This paper presents preliminary results from an exploratory study of the literacies community college students from northern Ontario employ in the management of their mental health. Results from the study suggest that metacognitive processes are key determinants of mental health and that these processes are significantly influenced by social factors which are primarily locally informed. The findings further suggest that individuals rely on metacognitive heuristics to protect and promote their mental health. The construct of “cultured resonance” emerges from the data as being intrinsic to the formation of metacognitive heuristics and their ongoing adaptation. Cultured resonance involves the assimilation of information based on its intelligibility and valuation. The findings also suggest that when individuals find themselves traversing psycho-emotional terrain beyond the delimitations of a trusted metacognitive heuristic they are vulnerable to “inverted synergies”. Inverted synergies comprise vortices of thought and emotion that become increasingly distorted and intense until a means of regaining cognitive-emotional terra-firma is intuited, remembered or externally introduced. The constructs of cultured resonance and inverted synergy suggest that adaptation is the default objective of intrapsychic operations and of mind/body grammars. Cultured resonance and inverted synergy warrant further investigation as possible etiological pathways to mental health and mental health complication.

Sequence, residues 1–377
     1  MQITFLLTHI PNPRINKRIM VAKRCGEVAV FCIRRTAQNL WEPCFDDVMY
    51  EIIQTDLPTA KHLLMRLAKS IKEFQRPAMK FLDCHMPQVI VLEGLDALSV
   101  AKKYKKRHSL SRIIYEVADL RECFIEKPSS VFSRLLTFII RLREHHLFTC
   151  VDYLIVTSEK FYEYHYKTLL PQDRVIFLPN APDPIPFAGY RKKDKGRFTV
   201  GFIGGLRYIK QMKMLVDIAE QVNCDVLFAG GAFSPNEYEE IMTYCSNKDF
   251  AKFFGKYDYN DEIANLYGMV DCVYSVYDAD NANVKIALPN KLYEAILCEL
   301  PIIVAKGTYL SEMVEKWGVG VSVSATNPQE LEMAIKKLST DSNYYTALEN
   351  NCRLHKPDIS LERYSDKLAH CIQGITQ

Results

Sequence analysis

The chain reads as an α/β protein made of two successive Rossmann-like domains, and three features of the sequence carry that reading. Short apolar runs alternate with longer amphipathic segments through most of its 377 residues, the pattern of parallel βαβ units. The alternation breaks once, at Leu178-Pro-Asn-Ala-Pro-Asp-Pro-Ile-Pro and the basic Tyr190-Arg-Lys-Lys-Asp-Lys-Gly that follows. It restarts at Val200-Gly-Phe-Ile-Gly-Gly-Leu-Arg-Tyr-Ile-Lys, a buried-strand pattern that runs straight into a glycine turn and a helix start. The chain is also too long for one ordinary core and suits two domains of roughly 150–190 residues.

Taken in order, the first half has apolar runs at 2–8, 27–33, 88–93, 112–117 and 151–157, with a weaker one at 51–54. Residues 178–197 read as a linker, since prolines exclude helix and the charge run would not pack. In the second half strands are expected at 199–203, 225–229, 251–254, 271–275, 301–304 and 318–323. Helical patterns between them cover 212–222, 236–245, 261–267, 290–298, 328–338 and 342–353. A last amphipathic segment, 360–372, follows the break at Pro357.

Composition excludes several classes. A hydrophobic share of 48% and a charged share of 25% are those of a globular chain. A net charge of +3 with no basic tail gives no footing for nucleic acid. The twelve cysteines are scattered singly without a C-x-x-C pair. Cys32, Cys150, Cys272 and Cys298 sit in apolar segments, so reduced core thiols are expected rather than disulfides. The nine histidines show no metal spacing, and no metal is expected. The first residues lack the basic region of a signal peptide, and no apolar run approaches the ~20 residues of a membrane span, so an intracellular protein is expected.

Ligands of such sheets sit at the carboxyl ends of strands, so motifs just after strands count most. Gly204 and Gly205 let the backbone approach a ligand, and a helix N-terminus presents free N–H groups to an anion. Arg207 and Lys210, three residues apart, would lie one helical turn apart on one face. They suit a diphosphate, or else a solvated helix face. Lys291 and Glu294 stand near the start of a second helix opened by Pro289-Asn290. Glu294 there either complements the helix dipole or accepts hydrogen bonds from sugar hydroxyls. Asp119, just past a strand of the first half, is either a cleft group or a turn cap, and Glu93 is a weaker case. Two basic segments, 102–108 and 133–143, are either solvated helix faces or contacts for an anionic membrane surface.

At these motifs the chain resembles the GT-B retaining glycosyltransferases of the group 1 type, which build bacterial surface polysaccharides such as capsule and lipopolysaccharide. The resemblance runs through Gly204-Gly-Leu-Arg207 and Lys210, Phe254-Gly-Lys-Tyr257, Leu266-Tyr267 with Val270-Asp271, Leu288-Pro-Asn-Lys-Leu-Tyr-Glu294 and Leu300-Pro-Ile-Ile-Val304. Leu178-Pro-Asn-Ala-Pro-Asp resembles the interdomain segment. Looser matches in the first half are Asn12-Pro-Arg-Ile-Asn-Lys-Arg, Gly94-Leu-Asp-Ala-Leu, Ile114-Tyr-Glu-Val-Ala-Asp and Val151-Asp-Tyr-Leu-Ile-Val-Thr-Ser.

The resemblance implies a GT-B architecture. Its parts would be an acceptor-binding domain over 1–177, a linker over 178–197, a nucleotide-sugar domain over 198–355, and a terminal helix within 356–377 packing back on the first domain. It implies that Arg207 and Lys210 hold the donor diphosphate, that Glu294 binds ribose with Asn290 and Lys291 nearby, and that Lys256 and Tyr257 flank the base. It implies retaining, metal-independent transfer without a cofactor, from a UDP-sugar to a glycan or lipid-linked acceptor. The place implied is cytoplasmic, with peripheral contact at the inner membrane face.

|Keywords:||Mental Health Literacy, Metacognitive Heuristics, Cultured Resonance, Inverted Synergy, Place and Social Space|
PhD Student, Interdisciplinary School of Rural and Northern Health, Laurentian University, Sudbury, Ontario, Canada
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